The next area tech companies are investing in? Health

Apple’s sleep tracking acquisition points to tech’s renewed focus on health

The next area tech companies are investing in? Health

Beddit (YouTube)

The home is the new frontier for many tech companies looking to expand their reach beyond our computers and smartphones.

With its Apple TV and HomeKit-approved devices, Apple is certainly making a major play in this area. Now, it wants to go further into your home, into your bedroom, with the purchase of Finnish sleep tech company Beddit. 

Apple bought the software and hardware company for an undisclosed fee, and, as is typical, the company has not said anything about what it plans to do with its new acquisition.

Typically when Apple buys a company it does so for its talent or intellectual property. It usually shuts down all operations and brings everyone into the fold in its headquarters in Cupertino.

We usually hear nothing from those teams again until some feature of the latest iPhone, Apple Watch or MacBook is unveiled that has been built directly from the tech it acquired.

With Beddit, things seem to be a little different.

Apple has not shut down the company. You can still buy Beddit’s sleep sensor, which sits on top of your mattress and monitors your sleep patterns, relaying the detailed information to the Beddit app on your iPhone or Apple Watch. You can see how much sleep you are getting — and critically if it’s the good type of sleep that leaves you feeling rested when you wake up.

Apple also did this with Beats, the headphone company, but Beats and Beddit are not even in the same league when it comes to brand recognition or revenue generating capability.

What Apple is really planning to do with Beddit is unclear. Here are three options it has open to it:

  1. It could simply leave Beddit as it is, continue selling the product as a stand-alone device, iteratively updating the iPhone and Apple Watch apps.
  2. Apple could harvest the vast amounts of data collected by the device and feed that into its research for efforts like HealthKit and CareKit, helping to improve sleep tracking capabilities.
  3. It could take the sensor technology inside Beddit’s device and look to build that into the next version of the Apple Watch or some other wearable it is working on.

Any or all of these are possible, but what is clear is that Apple — like many other companies — is increasingly focused on the health of their customers as a way of increasing the appeal of their products.

Health tech

It was very noticeable when Apple launched the second generation of the Watch, that almost all the focus was on health and fitness aspects of the device.

From smart weighing scales which tell you exactly how much food you should be eating, to the dozens of fitness trackers which slavishly tell us how many steps we have taken every day, tech companies are tapping into users’ desires to know more about how they are living their lives — the so-called quantified self.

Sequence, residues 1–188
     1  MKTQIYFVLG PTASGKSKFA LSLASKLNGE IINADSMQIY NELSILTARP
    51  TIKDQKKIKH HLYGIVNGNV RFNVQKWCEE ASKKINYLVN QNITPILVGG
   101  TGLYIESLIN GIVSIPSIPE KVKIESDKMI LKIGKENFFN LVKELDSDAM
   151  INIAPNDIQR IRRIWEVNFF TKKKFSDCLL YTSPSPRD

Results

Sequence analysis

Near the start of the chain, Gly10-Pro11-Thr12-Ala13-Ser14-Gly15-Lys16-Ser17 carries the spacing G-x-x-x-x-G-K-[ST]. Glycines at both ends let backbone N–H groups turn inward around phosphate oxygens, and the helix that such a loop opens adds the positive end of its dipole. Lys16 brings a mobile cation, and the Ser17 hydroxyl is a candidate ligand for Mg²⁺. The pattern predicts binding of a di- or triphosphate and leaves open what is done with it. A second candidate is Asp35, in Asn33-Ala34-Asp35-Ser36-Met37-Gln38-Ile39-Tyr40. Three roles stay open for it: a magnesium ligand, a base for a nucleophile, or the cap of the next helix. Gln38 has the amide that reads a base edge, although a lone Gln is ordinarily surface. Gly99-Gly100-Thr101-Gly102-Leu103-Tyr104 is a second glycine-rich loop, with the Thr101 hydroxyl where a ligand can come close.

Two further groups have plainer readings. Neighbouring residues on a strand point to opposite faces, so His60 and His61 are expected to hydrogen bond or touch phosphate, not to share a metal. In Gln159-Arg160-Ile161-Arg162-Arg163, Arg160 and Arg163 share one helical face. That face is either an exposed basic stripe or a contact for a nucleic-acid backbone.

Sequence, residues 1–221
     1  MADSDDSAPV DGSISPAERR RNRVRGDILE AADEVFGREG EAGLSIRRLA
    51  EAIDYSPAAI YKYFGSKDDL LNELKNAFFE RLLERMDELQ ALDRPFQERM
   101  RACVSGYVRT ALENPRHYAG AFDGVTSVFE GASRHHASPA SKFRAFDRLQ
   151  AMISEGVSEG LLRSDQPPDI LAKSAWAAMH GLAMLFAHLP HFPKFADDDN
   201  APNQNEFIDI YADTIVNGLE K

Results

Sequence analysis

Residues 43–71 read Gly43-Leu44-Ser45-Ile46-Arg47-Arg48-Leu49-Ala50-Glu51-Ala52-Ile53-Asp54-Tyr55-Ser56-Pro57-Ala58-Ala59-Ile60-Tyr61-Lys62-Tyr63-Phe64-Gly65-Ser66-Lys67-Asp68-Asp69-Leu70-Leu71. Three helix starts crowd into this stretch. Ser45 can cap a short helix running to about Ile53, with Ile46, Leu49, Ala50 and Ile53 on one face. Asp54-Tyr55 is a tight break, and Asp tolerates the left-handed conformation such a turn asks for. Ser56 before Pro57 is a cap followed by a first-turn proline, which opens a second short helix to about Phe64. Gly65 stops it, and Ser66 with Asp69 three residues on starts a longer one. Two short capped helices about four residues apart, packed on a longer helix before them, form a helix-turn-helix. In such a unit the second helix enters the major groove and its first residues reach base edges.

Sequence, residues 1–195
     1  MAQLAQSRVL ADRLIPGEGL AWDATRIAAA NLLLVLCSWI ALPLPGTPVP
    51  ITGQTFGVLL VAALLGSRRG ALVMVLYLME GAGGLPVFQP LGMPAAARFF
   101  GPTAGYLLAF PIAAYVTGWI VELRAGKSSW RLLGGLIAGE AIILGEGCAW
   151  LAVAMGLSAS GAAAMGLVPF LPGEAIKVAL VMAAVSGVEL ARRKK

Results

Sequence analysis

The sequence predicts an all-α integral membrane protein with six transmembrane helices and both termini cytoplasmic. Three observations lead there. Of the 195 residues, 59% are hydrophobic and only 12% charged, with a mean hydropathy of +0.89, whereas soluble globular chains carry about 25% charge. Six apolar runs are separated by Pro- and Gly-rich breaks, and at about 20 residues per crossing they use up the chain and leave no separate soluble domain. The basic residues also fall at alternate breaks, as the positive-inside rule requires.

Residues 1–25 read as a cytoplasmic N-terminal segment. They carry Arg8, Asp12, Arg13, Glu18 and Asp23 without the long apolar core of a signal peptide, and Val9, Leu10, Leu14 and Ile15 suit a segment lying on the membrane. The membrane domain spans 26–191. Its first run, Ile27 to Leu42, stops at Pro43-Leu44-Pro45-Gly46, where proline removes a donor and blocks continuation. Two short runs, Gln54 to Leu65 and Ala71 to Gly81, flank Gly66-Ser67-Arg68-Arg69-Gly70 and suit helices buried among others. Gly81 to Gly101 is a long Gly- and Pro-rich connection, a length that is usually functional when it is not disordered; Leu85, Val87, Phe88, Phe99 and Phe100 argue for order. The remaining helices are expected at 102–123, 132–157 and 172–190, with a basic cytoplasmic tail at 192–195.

With initiatives like ResearchKit, Apple is portraying itself as a company seeking to help mankind by using the devices in our pockets to help researchers find cures for various diseases.

The company is certainly doing some good here, but at the end of the day Apple’s business is selling you an iPhone every 18-24 months, and to do that it needs something new — today nothing seems to capture the public’s imagination as well as health-focused features.

While the Beddit acquisition may indicate that Apple’s next iPhone or Apple Watch will have improved sleep tracking features, the company has at the same time lost its sleep czar Roy Raymann, who has left for a startup called SleepCore which focused on — you guessed it — sleep tracking.

The move shows that as more and more tech companies focus on the areas of health and fitness, getting the right people to drive those initiatives is not going to be easy — even for a company like Apple.

These companies are investing heavily in trying to build a fully fleshed-out picture of their users, everything from what they search for online, to their eating habits, how they sleep and how many steps they take each day.

While there are certainly added benefits users will derive from giving these companies more and more data about themselves — personalized services which offer just what you are looking for when you are looking for it — there is no doubt that it is the companies themselves who will be the big winner by collecting and leveraging the vast troves of data we are all now willing to hand over without a second thought.